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© St. Petersburg Times, published March 11, 2001
Christopher Vietri's five-year battle to win custody of his biological son "Baby Sam" may be back to square one, but proposed adoption-law changes to prevent similar tugs-of-war in the future appear headed for passage. The state House -- the sticking point in previous years -- overwhelmingly approved the long-fought adoption bill last week, and its approval is all but assured in the Senate.
That's good news for Florida. Though the bill is not perfect, it would provide extra protection for all parties at the front end of private adoptions, thereby reducing the risk that they will be contested -- and lives and hearts torn apart -- years down the line.
The bill, sponsored by Skip Campbell, D-Fort Lauderdale, in the Senate and Evelyn Lynn, R-Ormond Beach, in the House, would give birth mothers a two-day "waiting period" before providing consent and spell out more specific steps adoption agencies must take to obtain the birth father's permission. Private adoption attorneys -- whose fees would be reined in by the bill -- argue that it guarantees uncertainty, but just the opposite is more likely true. The bill's common-sense protections would reduce the likelihood that a birth mother would later change her mind or claim duress -- or that a birth father, kept in the dark early on by his partner or a complicit agency, would arrive on the scene years later to claim his child.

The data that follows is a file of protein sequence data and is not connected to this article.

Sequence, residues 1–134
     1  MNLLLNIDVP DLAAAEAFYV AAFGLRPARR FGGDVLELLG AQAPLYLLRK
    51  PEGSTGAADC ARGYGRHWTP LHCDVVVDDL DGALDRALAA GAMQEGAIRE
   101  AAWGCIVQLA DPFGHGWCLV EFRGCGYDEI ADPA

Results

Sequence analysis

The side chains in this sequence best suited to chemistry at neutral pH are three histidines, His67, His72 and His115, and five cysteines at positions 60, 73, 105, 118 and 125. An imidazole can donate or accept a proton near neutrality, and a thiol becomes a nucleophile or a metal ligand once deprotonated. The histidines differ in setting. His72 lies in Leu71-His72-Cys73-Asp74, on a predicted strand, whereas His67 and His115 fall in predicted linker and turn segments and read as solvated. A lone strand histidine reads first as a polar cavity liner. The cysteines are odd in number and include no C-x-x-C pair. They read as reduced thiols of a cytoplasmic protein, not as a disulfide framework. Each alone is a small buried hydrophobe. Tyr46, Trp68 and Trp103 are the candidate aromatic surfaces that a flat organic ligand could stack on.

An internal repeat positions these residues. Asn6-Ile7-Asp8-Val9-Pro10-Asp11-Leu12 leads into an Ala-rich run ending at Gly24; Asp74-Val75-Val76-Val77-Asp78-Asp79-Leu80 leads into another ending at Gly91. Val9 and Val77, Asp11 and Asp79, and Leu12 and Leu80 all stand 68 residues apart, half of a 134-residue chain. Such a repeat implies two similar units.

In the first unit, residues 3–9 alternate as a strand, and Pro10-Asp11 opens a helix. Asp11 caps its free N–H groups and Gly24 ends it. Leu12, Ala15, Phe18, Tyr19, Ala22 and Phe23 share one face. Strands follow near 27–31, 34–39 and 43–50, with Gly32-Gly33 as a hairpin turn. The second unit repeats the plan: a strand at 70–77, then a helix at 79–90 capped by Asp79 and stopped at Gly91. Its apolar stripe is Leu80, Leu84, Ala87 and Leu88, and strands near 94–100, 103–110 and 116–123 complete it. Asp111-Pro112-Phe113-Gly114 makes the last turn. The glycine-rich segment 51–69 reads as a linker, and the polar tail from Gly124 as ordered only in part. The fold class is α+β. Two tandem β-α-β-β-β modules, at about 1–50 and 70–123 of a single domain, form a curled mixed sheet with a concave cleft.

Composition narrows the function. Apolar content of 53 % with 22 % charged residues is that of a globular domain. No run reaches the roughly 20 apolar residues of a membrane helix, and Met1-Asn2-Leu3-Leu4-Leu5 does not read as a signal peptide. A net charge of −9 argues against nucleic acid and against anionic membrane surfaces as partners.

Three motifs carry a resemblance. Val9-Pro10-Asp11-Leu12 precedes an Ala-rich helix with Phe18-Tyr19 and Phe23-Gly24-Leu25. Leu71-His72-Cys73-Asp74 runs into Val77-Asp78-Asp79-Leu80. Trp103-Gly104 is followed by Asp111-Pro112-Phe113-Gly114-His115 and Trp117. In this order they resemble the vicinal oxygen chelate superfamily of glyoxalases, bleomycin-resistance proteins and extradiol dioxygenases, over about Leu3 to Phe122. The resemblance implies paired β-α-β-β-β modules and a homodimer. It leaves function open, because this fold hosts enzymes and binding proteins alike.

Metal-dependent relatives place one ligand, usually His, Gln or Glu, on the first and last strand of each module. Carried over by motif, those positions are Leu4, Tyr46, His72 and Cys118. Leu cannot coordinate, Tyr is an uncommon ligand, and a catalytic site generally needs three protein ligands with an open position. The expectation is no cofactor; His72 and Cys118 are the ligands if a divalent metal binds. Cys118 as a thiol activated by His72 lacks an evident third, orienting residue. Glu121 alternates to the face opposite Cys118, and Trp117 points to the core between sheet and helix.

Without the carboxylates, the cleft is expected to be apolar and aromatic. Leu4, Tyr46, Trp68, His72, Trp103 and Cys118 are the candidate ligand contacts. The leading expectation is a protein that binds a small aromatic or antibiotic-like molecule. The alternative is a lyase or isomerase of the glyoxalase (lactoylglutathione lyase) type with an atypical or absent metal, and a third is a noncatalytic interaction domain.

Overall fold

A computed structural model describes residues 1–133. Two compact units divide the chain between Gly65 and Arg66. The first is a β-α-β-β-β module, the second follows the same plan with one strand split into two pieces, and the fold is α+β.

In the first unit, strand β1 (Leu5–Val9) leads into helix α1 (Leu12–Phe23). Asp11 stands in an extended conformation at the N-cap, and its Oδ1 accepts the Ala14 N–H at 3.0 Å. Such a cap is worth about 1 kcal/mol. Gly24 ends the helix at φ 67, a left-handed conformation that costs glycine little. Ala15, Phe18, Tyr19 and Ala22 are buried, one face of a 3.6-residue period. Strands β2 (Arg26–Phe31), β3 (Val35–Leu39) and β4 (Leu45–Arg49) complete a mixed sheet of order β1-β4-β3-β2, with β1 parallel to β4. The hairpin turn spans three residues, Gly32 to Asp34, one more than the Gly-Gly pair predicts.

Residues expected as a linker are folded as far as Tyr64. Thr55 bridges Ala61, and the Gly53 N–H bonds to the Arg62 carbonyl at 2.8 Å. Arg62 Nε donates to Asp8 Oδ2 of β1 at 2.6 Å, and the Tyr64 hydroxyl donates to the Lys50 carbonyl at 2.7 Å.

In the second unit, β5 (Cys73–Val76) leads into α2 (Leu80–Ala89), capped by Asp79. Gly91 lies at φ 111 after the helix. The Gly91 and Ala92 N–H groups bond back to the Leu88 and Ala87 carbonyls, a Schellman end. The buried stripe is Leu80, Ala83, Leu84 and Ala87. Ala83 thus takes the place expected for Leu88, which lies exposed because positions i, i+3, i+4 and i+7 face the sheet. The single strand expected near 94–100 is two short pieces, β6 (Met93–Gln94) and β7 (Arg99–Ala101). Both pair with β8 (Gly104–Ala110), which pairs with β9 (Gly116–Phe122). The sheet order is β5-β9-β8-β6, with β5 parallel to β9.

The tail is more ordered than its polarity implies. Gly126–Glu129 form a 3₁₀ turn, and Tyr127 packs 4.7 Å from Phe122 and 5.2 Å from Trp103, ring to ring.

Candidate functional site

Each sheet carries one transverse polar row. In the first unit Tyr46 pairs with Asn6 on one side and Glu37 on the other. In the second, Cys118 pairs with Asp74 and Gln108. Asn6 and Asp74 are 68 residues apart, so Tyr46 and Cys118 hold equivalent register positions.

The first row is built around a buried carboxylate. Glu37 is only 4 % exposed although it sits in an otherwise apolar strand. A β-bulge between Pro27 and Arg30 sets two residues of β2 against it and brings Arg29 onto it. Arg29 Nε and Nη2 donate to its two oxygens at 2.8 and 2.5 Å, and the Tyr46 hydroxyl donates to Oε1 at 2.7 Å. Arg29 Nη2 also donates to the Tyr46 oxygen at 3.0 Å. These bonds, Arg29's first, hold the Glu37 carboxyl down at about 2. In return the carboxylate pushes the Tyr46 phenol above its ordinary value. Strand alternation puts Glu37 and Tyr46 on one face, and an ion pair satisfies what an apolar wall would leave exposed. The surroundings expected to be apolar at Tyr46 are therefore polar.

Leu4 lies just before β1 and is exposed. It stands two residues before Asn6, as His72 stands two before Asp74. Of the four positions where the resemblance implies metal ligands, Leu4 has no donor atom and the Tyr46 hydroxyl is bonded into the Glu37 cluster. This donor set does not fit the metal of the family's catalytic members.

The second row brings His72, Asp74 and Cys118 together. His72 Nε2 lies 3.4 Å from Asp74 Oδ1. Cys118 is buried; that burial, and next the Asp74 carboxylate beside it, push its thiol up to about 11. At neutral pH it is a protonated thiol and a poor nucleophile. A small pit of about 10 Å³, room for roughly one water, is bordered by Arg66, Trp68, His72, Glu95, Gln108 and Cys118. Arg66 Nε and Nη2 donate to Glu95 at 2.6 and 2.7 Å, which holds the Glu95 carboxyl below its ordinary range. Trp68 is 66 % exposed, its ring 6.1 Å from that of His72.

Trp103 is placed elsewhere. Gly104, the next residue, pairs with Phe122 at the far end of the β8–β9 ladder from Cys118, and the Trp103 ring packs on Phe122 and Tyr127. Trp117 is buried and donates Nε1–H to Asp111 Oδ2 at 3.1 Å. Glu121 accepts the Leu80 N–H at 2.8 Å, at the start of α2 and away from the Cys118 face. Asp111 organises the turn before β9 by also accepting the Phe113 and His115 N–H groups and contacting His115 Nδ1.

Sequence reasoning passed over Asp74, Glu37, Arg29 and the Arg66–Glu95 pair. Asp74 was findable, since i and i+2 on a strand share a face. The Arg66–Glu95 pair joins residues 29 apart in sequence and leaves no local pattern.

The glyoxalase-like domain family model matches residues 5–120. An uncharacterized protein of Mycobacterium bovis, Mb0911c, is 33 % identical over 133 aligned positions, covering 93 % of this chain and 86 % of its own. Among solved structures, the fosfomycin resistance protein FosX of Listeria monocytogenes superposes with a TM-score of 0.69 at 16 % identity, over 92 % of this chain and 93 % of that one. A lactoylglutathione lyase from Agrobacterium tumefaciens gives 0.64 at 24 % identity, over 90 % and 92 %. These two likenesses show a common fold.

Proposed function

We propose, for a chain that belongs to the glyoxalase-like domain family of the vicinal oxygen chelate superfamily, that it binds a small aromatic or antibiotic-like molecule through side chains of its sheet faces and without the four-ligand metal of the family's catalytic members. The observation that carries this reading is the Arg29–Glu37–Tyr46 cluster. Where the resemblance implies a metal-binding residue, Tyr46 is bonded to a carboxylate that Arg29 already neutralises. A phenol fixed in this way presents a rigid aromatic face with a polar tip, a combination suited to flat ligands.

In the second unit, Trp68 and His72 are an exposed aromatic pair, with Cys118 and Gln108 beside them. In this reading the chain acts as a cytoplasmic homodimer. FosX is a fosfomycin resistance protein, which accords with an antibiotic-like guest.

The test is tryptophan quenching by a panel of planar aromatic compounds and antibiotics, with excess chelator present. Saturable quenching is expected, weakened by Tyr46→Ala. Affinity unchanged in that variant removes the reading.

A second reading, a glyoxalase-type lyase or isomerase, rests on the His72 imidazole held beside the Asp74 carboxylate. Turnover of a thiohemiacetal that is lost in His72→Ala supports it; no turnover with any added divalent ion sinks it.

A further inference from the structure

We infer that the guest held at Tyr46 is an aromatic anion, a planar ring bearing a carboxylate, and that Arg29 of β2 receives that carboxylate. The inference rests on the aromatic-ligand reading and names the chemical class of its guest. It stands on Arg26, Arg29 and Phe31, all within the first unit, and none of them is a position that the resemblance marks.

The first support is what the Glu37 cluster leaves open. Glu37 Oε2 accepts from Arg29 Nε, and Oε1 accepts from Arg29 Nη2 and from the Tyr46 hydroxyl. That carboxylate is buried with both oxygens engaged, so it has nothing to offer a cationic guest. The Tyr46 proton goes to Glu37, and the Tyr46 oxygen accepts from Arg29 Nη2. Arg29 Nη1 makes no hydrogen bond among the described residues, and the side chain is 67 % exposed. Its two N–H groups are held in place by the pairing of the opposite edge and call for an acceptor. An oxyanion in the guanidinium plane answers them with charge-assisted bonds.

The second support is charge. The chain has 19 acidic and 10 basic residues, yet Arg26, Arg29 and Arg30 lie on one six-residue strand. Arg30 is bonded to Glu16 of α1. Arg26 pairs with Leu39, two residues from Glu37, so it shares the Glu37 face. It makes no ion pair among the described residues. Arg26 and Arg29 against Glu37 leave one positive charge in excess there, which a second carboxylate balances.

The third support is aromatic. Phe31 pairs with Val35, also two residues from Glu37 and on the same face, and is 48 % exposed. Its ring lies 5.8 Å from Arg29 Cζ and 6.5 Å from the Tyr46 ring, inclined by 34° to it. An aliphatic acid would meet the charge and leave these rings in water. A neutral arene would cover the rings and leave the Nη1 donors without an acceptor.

We have all seen the misery such a late arrival can produce. New Port Richey's Vietri, never notified by the adoption agency, came forward promptly after finding out that his son was indeed alive, contrary to the birth mother's assurance. But by then the baby was 3 months old and already living in Alabama with his prospective adoptive parents. Nearly five years and many twists and turns later -- including an Alabama Supreme Court ruling in Vietri's favor and mediation that recently failed -- custody is still in dispute.
The adoption bill is voluminous, and the attorneys who oppose it are right that certain provisions, including one that appears to grant a far too open-ended revocation right, should be ironed out.
Adoptions are critical to Florida's children, and lawmakers should take care not to make them more cumbersome than necessary. But the overall bill moves the state in the direction it needs to go.